6 Have students answer these questions using data, observations, and information learned from this experience and record responses in their journals. Explain fully. All conclusions are recorded in their lab journals. Students must analyze factors that affect the speed of a car and support their answers using data from the lab. At this point, go back to the Indianapolis 500 Car Race and discuss how drivers increase the speed and acceleration of their cars during the race. Discuss why certain cars accelerate faster than others. Ask about cruise control and its application to speed and acceleration. Also, include in the discussion how velocity can change even if speed is constant (because the direction changes). I d offer you a lift home, but the company cars are well... you know.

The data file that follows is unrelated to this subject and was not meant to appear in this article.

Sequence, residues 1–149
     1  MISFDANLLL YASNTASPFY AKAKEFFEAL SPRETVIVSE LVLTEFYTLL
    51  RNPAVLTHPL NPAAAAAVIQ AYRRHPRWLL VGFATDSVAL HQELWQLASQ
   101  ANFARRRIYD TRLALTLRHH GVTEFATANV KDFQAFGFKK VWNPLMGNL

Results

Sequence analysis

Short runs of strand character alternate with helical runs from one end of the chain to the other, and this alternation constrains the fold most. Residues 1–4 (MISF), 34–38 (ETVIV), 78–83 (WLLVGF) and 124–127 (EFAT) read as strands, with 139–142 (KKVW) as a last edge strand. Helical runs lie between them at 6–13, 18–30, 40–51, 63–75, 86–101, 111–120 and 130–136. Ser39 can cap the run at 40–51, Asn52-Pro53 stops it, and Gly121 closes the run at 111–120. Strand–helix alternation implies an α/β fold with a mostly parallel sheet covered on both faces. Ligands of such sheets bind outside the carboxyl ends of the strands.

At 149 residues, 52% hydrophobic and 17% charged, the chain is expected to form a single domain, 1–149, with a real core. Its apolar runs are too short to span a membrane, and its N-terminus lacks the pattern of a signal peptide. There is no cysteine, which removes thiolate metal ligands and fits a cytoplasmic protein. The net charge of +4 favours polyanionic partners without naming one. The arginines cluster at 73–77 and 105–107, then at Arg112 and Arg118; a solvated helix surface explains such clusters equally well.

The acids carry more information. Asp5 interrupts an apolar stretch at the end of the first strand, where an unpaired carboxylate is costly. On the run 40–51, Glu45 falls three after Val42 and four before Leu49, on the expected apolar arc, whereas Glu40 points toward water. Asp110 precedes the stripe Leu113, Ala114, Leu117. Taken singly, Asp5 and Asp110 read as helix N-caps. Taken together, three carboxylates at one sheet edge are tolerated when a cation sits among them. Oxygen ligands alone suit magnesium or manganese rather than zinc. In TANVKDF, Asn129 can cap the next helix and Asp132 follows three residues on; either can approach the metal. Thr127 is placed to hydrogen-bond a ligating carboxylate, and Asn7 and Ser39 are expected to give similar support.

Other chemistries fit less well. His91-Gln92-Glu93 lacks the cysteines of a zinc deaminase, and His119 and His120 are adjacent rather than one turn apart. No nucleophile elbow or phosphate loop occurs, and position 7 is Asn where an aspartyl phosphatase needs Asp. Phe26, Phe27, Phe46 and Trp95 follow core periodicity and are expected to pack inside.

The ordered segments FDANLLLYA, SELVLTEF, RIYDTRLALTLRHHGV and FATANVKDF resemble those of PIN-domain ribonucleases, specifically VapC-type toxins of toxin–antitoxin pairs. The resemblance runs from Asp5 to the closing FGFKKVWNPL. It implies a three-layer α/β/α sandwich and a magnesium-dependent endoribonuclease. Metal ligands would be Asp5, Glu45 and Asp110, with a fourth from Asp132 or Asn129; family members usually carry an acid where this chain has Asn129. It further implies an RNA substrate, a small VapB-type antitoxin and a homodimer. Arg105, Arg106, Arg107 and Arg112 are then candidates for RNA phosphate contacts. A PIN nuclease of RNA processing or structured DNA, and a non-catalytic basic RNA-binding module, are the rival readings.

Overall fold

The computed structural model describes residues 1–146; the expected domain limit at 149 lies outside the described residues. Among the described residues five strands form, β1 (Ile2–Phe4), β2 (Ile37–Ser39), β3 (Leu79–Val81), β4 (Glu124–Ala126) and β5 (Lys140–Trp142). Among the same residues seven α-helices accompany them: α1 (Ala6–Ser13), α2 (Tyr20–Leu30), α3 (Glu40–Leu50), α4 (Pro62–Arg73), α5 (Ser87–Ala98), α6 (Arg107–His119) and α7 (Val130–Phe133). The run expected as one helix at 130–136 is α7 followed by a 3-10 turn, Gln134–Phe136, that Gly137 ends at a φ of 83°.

7 Evaluate: Use this rubric to assess student understanding of speed and acceleration of the car. POINTS 4 Excellent Scientific Accuracy are precise and I included units in all calculations. Tables and graphs are accurate and variables are correctly identified. Reasoning Communication Collaboration show application level and are well reasoned. I am able to support my conclusions with lots of examples. I answered all questions clearly and accurately. My answers are clear with examples and data to back up conclusions. I recorded all calculations and answers in my lab journal. Our team made all measurements together. We solved the problems as a collaborative team in an atmosphere of respect. 3 Good are somewhat precise and I included units in my calculations. Tables and graphs are complete and variables are identified. show application level. I am able to support my conclusions with some examples. I answered all questions clearly and accurately. I used examples and data to back up some of my conclusions. I recorded most of my calculations and answers in my lab journal. Our team made measurements together. We solved the problems as a team. 2 Fair are complete but may or may not be accurate. Tables and graphs are somewhat complete and a few variables are identified. show application level. I am able to support my conclusions with a few examples. I answered the questions. I used some examples and data to back up some of my conclusions. I recorded some of my calculations and answers in my lab journal. Our team made a few measurements together. We solved some of the problems as a team. 1 Poor are not complete and are not very accurate. My tables and graphs are incomplete and no variables are identified. show a superficial understanding. I don t get what we are doing. I am not able to support my conclusions with examples. I did not answer the questions and I didn t record my calculations in my journal. I did not work with my team. We didn t collaborate at all during this experience. Subtotal: Subtotal: Subtotal: Subtotal: TOTAL: /16pts References/Resources/Websites: Science s 10 Most Beautiful Experiments including Galileo rolling balls down inclined planes and Foucault s Pendulum: High School Physics Differentiating Instruction: Toy Car Velocity: Toy Challenge: NASA s The Physics of Toys: Teaching Physics with Toys: Coursework on Newton s Laws: Physics Concepts: Velocity and Acceleration Animations: Describing Motion with Words: Car Cartoons: